To send content items to your account,
please confirm that you agree to abide by our usage policies.
If this is the first time you use this feature, you will be asked to authorise Cambridge Core to connect with your account.
Find out more about sending content to .
To send content items to your Kindle, first ensure email@example.com
is added to your Approved Personal Document E-mail List under your Personal Document Settings
on the Manage Your Content and Devices page of your Amazon account. Then enter the ‘name’ part
of your Kindle email address below.
Find out more about sending to your Kindle.
Note you can select to send to either the @free.kindle.com or @kindle.com variations.
‘@free.kindle.com’ emails are free but can only be sent to your device when it is connected to wi-fi.
‘@kindle.com’ emails can be delivered even when you are not connected to wi-fi, but note that service fees apply.
Research shows that cognitive rehabilitation (CR) has the potential to improve goal performance and enhance well-being for people with early stage Alzheimer’s disease (AD). This single subject, multiple baseline design (MBD) research investigated the clinical efficacy of an 8-week individualised CR intervention for individuals with early stage AD.
Three participants with early stage AD were recruited to take part in the study. The intervention consisted of eight sessions of 60–90 minutes of CR. Outcomes included goal performance and satisfaction, quality of life, cognitive and everyday functioning, mood, and memory self-efficacy for participants with AD; and carer burden, general mental health, quality of life, and mood of carers.
Visual analysis of MBD data demonstrated a functional relationship between CR and improvements in participants’ goal performance. Subjective ratings of goal performance and satisfaction increased from baseline to post-test for three participants and were maintained at follow-up for two. Baseline to post-test quality of life scores improved for three participants, whereas cognitive function and memory self-efficacy scores improved for two.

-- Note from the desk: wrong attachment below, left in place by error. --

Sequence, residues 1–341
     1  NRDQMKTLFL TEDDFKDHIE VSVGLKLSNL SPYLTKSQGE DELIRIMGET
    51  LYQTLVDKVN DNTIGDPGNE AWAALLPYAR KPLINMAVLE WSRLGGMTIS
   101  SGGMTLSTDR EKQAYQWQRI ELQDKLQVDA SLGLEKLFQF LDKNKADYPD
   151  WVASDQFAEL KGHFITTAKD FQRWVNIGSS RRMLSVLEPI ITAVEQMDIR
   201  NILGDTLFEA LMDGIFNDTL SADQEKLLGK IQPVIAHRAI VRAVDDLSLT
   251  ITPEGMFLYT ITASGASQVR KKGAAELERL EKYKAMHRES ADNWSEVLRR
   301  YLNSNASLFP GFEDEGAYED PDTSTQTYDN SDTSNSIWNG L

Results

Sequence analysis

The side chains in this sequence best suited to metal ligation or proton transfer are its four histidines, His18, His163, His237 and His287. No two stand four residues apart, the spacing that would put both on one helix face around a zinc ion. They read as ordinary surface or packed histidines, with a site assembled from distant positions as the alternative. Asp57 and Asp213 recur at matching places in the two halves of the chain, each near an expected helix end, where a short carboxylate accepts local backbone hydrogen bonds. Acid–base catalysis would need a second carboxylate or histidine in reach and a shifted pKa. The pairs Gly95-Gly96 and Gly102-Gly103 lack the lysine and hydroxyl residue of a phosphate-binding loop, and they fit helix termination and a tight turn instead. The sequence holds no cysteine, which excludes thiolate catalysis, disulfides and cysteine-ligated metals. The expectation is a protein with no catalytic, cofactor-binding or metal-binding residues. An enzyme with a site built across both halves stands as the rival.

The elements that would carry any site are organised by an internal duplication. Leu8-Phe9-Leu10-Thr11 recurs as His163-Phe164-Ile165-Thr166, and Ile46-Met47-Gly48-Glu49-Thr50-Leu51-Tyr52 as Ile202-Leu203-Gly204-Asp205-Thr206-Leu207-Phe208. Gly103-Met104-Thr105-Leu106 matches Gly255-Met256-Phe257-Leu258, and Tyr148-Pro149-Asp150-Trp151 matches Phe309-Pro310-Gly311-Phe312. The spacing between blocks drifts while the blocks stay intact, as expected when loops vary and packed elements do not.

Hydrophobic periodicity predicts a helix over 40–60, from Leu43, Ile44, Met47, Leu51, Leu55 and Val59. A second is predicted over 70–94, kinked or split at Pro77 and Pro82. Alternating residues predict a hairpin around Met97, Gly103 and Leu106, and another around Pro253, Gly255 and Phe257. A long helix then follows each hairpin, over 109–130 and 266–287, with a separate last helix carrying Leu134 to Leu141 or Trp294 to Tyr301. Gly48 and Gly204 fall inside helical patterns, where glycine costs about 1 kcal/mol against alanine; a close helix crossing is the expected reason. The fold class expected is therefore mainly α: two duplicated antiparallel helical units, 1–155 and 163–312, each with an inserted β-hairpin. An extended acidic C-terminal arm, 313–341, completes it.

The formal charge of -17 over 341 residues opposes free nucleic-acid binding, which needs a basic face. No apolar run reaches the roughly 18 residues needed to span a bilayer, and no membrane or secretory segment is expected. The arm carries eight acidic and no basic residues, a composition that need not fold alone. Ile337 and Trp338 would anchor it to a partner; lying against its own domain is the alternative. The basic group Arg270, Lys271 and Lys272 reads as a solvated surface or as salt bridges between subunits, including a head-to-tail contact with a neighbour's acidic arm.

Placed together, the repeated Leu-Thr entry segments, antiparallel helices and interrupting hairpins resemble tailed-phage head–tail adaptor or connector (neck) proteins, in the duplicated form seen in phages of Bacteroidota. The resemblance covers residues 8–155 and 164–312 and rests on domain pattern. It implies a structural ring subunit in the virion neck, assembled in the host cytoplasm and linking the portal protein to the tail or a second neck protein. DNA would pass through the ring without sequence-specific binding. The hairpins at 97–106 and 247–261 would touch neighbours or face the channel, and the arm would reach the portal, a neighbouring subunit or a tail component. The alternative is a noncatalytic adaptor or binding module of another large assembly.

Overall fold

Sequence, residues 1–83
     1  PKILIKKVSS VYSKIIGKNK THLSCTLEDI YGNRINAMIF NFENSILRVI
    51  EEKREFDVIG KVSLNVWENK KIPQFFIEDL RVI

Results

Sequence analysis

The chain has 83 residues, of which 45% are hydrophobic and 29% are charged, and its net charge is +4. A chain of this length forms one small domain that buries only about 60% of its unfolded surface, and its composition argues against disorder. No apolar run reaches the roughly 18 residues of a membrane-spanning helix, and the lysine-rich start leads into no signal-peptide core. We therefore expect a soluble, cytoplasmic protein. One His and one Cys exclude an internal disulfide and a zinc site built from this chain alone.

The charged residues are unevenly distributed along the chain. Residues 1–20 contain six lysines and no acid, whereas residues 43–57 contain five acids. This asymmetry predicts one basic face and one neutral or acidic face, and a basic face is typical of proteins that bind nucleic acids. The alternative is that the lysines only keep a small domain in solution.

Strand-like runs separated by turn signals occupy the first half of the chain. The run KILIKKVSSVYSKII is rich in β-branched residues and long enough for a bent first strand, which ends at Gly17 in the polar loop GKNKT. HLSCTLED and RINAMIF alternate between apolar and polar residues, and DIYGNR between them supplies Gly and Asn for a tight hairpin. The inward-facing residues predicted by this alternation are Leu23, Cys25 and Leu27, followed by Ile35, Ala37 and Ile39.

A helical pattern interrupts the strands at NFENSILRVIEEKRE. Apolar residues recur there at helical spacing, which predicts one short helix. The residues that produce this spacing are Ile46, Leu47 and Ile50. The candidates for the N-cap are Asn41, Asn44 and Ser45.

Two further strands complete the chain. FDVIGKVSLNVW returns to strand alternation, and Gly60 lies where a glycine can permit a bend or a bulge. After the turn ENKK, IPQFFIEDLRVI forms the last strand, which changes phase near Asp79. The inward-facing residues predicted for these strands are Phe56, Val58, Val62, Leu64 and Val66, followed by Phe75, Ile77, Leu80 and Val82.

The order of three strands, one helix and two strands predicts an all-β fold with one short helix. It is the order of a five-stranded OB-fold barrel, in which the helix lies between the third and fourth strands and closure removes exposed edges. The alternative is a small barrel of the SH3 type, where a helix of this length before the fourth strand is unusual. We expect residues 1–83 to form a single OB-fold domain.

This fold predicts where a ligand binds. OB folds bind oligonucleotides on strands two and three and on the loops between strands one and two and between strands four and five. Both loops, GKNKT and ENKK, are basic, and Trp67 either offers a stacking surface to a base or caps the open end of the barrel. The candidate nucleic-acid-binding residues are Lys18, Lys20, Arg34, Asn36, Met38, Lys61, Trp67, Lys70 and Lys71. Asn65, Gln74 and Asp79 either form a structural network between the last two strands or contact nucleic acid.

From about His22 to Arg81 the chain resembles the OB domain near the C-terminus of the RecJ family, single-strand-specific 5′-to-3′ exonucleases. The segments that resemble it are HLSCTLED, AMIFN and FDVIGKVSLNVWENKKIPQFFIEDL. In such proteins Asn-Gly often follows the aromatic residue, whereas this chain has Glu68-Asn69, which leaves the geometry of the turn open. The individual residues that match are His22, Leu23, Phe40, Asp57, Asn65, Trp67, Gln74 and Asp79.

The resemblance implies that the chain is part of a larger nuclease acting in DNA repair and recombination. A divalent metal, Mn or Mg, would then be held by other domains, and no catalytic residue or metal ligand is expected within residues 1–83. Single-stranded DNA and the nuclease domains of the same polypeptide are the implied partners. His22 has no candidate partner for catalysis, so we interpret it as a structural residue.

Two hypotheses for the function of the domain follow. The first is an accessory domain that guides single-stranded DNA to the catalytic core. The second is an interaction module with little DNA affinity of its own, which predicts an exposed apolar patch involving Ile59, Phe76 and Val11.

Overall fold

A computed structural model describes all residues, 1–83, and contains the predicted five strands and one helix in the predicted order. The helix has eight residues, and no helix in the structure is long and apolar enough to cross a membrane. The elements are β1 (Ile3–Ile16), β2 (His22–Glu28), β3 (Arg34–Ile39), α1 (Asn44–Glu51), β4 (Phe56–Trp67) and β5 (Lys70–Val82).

Our findings demonstrate that CR can improve goal performance, and is a socially acceptable intervention that can be implemented by practitioners with assistance from carers between sessions. This study represents one of the promising first step towards filling a practice gap in this area. Further research and randomised-controlled trials are required.
Heteroepitaxial multilayers of YBa2Cu3Ox/PrBa2Cu3Ox/YBa2Cu3Ox have been made by sputtering. Typical thicknesses of the individual layers are of the order of 50 nm. No degradation of the transition temperature and the critical current density due to the presence of the PrBa2Cu3Ox layer could be observed. By using High Resolution Transmission Electron Microscopy the atomic details of the interfaces and the defect structures have been studied. These films showed a perfectly stacked lattice just above the interface between film and substrate. The orientation of the c-axis perpendicular to the substrate was fairly perfect. The structural faults are mainly distributed in the middle and overlying layers. The dominant defects in our films seems to be stacking faults which give rise to nano-sized coherent anti-phase domains with the 1-2-3 structure.
The purpose of this study was to examine the utility of the clock drawing task (CDT) in differentiating between patients with mild and very mild Alzheimer's disease (AD) and normal controls. Thirty normal elderly individuals and 30 patients with probable AD were entered into the study and asked, in a standard fashion, to draw a clock from memory. All the clocks were scored according to two previously described standardized scoring systems, and the accuracy of classification into normal or AD groups was determined. Both CDT scales could discriminate between moderate AD and normal aging but lacked sensitivity in the very mild AD cases; mild cases showed intermediate sensitivity. In conclusion, the CDT as a test for AD is insensitive in the early-stage cases, but sensitivity improves with increasing severity of dementia. The CDT is unlikely to be useful in distinguishing between AD in its early stages and normal aging.
Despite new developments in the concept of vascular dementia, the Hachinski Ischemic Score (HIS) and its modified versions continue to be widely used in the clinical differentiation of Alzheimer's disease (AD) and ischemic vascular dementia (IVD). The sensitivity of the HIS and two modified versions in the diagnosis of AD, IVD, and single infarcts in a large, geriatric population with mild cognitive impairment (N = 100) was evaluated. Sensitivity for identification of AD was greater than 90% but was less than 70% for IVD. Over one third of patients with one or more infarcts on computed tomographic brain scans and 63% of mixed cases were classified as having probable AD. It is concluded that ischemic scores may be useful at predicting prevalence rates if individual case accuracy is ignored. Despite being sensitive to identifying AD, ischemic scores are insensitive to both cerebral infarction and IVD and cannot reliably exclude IVD. Finally, patients with mixed dementia should not be expected to have intermediate scores.
Email your librarian or administrator to recommend adding this to your organisation's collection.